On a Senator's SSN, front-lawn protests, and the abuse of personal discomfort to achieve political ends
In Federalist Paper No. 51, "Publius" (either Alexander Hamilton or James Madison) wrote that "Ambition must be made to counteract ambition." It is a seminal argument about the nature of power: Checks and balances among competing power centers, deriving powers that are rivalrous to one another, serve as a more reliable insurance policy against overreach than hopes, prayers, and goodwill. The logic of those checks and balances embedded in the Constitution is a testament to Madison's efforts to finely tune the machine.
■ But nobody said anything about how to counter trolling. And that's a problem with which we moderns must deal.
■ The odious practice of using physical intimidation and online harassment to trouble the personal lives of elected officials has gotten well out of hand. Protesters have turned the front lawns of police chiefs and mayors into rally sites. Security details have had to raise their defenses at governors' residences over the hazards created by crowds. Houseboats and bathroom stalls and airport terminals have all turned into potentially unsafe spaces.
■ The intimidation isn't limited to physical presence. An online tabloid declares "We Have Kyrsten Sinema's Social Security Number" and hints at how it could be found by others and abused. Mayors are targeted with online threats. Nor should it be forgotten that a major Presidential candidate gave out a rival's phone number and suggested that people "try it" in 2015.
■ Things have been worse at times in the past. Charles Sumner was beaten with a cane on the floor of the Senate. Presidents Lincoln, Garfield, McKinley, and Kennedy were assassinated. Terrorist campaigns plagued the Reconstruction era.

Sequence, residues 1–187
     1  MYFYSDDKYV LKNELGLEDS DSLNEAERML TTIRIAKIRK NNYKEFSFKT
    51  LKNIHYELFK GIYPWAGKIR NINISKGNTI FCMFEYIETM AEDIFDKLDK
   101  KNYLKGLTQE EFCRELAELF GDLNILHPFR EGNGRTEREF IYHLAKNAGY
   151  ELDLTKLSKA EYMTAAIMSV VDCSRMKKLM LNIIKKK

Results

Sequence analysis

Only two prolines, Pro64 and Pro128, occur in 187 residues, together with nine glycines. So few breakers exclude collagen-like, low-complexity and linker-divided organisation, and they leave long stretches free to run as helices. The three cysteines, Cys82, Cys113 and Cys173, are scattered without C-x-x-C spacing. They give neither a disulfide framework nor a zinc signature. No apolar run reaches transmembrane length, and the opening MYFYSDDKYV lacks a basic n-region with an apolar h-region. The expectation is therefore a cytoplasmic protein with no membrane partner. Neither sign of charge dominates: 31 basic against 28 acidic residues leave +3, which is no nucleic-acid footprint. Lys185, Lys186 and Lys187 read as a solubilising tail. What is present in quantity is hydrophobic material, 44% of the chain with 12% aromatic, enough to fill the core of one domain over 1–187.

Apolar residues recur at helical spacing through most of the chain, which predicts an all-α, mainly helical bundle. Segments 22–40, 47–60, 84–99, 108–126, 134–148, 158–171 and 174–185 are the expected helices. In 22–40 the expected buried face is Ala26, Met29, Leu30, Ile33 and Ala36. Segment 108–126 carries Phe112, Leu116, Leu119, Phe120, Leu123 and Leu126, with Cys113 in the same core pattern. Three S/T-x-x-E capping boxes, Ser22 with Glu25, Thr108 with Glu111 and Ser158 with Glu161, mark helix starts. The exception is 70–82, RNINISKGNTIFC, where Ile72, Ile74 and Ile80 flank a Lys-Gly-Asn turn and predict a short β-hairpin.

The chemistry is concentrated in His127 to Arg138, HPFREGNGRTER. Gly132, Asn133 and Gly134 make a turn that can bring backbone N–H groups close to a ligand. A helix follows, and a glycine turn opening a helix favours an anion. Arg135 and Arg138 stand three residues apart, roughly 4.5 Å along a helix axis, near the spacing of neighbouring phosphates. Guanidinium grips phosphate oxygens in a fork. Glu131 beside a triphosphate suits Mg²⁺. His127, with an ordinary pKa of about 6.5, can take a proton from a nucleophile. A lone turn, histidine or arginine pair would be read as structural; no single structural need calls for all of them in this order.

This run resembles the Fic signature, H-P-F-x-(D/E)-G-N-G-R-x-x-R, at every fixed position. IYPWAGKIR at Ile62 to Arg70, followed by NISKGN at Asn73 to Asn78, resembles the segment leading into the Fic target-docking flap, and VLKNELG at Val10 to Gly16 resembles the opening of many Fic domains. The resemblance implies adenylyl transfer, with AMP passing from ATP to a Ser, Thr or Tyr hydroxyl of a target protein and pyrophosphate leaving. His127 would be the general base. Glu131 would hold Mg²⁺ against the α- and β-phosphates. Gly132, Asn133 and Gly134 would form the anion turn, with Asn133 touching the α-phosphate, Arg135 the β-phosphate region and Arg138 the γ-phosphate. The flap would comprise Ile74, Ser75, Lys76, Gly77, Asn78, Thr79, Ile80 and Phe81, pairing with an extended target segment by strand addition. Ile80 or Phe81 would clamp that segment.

■ Our distinctly modern problem is that as the country's population grows ever larger and our technological tools become ever more sophisticated, the guardrails that keep the distance between differences of opinion and matters of personal jeopardy become ever more fragile. And if we expect our elected officials to give up ever more -- of their personal safety, their privacy, their online security, or merely their own access to quiet -- then it becomes distinctly possible that good people will simply walk away, or never look at public service in the first place.
■ Gresham's Law in economics states that bad money chases out good. If we aren't sufficiently consistent and clear about rejecting bad behavior in the political sphere, no matter how much we dislike a politician's behavior or how justified we believe our own causes to be, then we risk imposing a Gresham's Law over politics -- in which bad people will drive out the good. Ambition will forever be present, but ambition can be decent and honorable -- or it can be indecent and dishonorable.
■ We've already come much too close to the edge of crippling political violence in recent memory. Disagreement on merits is utterly wholesome. But tactics intended to substitute personal discomfort as a means of pressure against others ought to be designated clearly out of bounds.